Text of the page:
Archive | October 2012

Traditional Jobs For Men And Women And The Gender Divide

by Silicon Valley Blogger on 2007-05-29

I came across an interesting article in the San Jose Mercury News which tackles the concept of “occupational segregation.” What is it about?

Despite the women’s movement and the changes that occurred in the 70′s and 80′s that helped women make larger strides in the workforce, social economists are now saying that the progress that allowed the gender crossover in jobs may have stalled a bit since the last decade. The social scientists call this “occupational segregation” and they don’t seem to be too happy about it.

Why so?

Why the need to have a more equal workforce?

#1 To narrow the pay gap
Women earn 25% less than men do in general. But the reason why everyone harps about women getting less money than men do in their jobs is because of the type of jobs that most women find themselves in. If a man finds himself working in a “female” oriented job, he ends up earning 12.5 percent less than his male counterparts; whereas a woman who works in a “male” dominated field earns 25.9 percent more than her female peers. So interestingly, it’s all about the job type that changes the averages here.

#2 To better respond to shortages in fields, jobs, industries
Instead of getting worked up over perceived shortages in certain professions, it would be great if the labor pool can be easily balanced out by drawing from a supply of trained men or women to cover the skill gaps. But this is tough to achieve in reality because job stereotyping by gender is alive and well and is hard to vanquish. Even with laws out there that encourage openness in professions, the enforcement of sexual discrimination laws has been weak.

Data from the San Jose Mercury News:

The 10 Most Female Occupations

(highest percentage of workers that are female)

Occupation % Female Annual Wage
Dental hygienists 98.6% $60,980
Preschool and kindergarten teachers 97.7% $21,990
Secretaries and administrative assistants 96.9% $26,670
Dental assistants 95.4% $29,520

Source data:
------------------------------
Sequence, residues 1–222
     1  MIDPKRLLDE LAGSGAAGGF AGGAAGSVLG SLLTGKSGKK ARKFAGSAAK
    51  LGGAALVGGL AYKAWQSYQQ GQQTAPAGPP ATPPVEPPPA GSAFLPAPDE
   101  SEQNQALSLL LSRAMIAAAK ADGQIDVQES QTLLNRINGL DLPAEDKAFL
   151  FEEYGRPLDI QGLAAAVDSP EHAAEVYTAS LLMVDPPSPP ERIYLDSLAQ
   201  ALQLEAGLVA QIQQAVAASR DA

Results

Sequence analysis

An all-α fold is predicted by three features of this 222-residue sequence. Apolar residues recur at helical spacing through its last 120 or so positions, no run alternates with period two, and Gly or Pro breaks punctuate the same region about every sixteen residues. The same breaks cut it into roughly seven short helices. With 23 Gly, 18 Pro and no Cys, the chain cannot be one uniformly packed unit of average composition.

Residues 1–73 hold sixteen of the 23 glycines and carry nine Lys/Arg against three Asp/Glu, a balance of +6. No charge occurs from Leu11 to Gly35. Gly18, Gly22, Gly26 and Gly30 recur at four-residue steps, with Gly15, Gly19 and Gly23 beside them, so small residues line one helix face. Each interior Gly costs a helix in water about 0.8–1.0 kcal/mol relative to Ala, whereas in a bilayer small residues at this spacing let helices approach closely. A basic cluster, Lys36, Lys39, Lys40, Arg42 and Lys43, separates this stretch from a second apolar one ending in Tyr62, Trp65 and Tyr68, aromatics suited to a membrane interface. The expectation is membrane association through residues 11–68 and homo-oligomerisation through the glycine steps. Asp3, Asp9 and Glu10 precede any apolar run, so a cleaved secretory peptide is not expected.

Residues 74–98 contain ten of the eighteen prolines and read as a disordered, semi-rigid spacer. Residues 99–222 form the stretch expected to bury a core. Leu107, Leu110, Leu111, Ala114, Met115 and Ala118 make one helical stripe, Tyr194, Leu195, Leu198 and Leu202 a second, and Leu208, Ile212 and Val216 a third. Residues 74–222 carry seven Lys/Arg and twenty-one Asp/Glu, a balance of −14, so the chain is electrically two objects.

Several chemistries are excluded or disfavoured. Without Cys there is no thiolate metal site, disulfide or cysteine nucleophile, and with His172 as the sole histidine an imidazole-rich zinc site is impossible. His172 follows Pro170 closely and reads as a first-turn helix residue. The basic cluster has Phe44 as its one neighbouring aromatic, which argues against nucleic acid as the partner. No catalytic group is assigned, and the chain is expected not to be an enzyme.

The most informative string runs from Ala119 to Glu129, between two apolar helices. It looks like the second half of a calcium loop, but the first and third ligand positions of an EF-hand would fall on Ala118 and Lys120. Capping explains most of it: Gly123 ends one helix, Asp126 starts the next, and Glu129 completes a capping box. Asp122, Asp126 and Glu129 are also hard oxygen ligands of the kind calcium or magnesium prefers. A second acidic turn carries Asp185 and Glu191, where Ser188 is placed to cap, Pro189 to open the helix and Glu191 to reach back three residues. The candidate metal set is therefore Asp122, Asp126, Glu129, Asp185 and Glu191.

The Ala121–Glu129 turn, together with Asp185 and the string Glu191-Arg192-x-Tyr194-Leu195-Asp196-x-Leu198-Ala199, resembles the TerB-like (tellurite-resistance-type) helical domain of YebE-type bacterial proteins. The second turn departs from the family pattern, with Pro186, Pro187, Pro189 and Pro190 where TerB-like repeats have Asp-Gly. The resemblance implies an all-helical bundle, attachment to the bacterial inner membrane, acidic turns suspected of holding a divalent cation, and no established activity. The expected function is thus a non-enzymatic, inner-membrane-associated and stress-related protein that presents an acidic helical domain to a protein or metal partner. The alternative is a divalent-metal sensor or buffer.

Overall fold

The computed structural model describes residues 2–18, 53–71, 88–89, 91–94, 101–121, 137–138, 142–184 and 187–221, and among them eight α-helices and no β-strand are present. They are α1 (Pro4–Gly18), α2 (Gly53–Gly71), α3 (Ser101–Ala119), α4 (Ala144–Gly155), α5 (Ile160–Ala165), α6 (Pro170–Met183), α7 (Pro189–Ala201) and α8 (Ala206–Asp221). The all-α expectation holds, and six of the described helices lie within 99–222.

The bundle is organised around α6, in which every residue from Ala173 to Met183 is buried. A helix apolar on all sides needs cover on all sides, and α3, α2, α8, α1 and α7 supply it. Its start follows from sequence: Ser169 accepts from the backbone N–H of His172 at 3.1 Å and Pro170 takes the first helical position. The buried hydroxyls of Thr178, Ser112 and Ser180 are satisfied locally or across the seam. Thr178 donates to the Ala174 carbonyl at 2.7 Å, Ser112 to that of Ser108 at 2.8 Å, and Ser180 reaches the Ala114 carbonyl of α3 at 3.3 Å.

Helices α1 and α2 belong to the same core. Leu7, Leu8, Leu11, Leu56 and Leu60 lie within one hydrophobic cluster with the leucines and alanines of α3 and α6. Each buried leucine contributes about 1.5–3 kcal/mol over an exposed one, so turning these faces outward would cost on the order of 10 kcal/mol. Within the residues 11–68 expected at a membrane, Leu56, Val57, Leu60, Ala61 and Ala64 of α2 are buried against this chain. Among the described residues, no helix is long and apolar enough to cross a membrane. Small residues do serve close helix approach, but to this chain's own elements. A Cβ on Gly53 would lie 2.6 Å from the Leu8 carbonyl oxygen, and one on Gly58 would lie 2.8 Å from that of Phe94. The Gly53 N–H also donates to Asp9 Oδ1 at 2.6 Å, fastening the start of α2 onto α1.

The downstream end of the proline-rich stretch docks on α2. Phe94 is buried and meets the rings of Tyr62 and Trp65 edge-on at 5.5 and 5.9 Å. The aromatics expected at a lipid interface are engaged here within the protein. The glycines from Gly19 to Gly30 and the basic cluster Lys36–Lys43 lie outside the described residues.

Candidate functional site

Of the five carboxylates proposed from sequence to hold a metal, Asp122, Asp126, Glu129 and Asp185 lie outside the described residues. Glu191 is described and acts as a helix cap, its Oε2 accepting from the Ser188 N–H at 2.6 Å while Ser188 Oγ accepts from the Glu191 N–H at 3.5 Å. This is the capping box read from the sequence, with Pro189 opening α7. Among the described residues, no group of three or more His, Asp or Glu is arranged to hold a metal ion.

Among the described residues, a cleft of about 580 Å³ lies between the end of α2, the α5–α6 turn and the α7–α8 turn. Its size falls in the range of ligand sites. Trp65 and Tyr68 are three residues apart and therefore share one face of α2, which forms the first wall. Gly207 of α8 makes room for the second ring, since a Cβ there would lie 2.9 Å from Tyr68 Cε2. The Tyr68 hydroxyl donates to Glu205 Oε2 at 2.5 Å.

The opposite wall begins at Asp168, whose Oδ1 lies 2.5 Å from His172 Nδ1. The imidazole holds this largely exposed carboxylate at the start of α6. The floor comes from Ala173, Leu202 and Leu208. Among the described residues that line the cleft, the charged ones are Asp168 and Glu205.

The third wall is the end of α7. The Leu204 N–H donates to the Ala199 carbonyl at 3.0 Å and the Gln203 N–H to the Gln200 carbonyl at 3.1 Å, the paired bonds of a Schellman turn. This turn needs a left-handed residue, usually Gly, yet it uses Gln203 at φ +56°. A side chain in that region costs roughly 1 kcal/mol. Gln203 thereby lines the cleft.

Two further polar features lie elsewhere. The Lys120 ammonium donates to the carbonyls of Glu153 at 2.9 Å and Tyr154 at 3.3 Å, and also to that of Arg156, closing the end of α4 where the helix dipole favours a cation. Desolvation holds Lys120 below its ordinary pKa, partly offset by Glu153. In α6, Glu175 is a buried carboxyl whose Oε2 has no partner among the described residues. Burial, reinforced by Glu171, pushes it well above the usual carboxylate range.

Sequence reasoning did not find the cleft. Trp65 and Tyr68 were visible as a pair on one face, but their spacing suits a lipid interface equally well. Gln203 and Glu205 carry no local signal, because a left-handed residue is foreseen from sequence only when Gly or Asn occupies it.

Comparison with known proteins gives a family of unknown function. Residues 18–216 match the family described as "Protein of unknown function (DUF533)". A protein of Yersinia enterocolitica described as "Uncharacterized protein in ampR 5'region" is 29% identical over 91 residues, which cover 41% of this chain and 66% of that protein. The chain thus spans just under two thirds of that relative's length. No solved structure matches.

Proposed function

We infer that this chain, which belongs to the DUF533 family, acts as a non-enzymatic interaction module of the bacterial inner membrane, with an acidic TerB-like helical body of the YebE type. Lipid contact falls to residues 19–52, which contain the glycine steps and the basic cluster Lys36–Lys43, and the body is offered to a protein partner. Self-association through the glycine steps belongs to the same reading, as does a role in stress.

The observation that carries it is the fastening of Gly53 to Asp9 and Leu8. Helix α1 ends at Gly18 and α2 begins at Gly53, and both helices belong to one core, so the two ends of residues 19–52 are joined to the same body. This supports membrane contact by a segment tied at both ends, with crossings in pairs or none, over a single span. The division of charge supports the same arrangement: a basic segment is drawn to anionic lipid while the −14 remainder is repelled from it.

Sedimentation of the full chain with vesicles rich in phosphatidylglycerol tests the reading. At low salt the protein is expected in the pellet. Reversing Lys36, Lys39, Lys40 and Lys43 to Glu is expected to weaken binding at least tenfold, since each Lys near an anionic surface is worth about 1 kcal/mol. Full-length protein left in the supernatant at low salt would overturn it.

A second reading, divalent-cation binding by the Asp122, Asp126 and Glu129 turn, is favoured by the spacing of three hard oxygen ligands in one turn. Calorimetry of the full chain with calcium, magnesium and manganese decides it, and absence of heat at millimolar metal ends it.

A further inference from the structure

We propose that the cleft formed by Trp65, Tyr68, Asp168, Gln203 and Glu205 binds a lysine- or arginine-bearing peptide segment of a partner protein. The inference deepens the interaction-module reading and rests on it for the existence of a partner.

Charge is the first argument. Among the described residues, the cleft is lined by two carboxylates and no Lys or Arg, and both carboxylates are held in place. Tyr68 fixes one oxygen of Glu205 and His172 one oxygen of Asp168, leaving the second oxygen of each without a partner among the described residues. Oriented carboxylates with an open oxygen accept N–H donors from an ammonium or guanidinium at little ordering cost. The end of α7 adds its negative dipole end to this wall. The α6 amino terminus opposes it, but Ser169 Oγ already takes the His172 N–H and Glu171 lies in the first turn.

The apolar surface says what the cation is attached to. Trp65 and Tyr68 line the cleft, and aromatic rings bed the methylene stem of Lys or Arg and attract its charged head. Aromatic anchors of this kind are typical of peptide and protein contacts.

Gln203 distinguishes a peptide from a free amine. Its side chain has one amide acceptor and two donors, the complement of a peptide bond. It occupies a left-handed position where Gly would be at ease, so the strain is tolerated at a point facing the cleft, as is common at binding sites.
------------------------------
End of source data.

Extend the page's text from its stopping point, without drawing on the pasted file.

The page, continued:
Speech-language pathologists 95.3% $54,880
Licensed practical and licensed vocational nurses 94.2% $35,230
Child care workers 94.2% $17,050
Hairdressers, hair stylists and cosmetologists 93.4% $20,610
Receptionists and information clerks 92.7% $22,150
Payroll and timekeeping clerks 92.4% $31,360

The 10 Most Male Occupations

(highest percentage of workers that are male)

Occupation % Male Annual Wage
Logging workers 99.8% $29,430
Automotive body and related repairers 99.4% $34,810
Cement masons, concrete finishers and terrazzo workers 99.3% $32,030
Bus and truck mechanics and diesel engine specialists 99.1% $36,620
Electrical power-line installers and repairers 99.1% $50,150
Tool and die makers 99.1% $43,580
Roofers 98.9% $31,230
Heavy vehicle/mobile equipment service technicians and mechanics 98.6% $39,410
Home appliance repairers 98.5% $32,980
Crane and tower operators 98.5% $38,870

But how do we really feel about gender crossovers in the workplace? How comfortable would you be to see men in the maternity ward and day care centers or women in trucking, construction and heavy machinery operations? Strangely, I’m reading some reports which contradict the pay gap issues, such as this article, which appears that in less traditional and more gender blind type jobs, women in fact are earning more than men!

So don’t cry for the women yet, because reports are popping up about how they are

at a better pace than men are doing in the last several years.

It would be great to achieve an ideal employment balance on a national scale and I believe we’re still very much headed in the right direction. But I don’t lose sleep over the preponderance of traditional jobs today. We have immigration resolving job shortage issues (though that’s another hot topic!), plus there are less gender specific jobs out there that we can always try to gain skills for.

Copyright © 2007 The Digerati Life. All Rights Reserved.

Categorized under: Job and Career — Written by SVB

Healthy ways to communicate when conflict is knocking at your door

The subject of this blog provides a simplified (notice I didn’t say easy) way of dealing with stressful speed bumps and obstacles to resolve problems. A problem is composed of three simple facets: 1.  A goal;  2.  Obstacles to reaching the goal and 3. The way things currently exist (status quo).

The purpose of this blog is to offer a way out of a conflict by applying some basis communication tools.  I’ve developed a prevention list that can help even before a conflict brews to a boiling point.  Some steps in this process are prevention steps, others are action steps that may be used if caught off guard or blind-sided by the capricious arrows of conflict.

So, here we go.

  • When a conflict is escalating and becoming more of an emotional free-for-all (a friend says that any kind of bias is an emotional commitment to ignorance), one of the great pulls that we sense as humans is to center on the personalities who are party to the conflict.  I find that a more effective way of communicating in this kind of crisis situation; these can be the common needs that all of the parties have that can also be beneficial for them.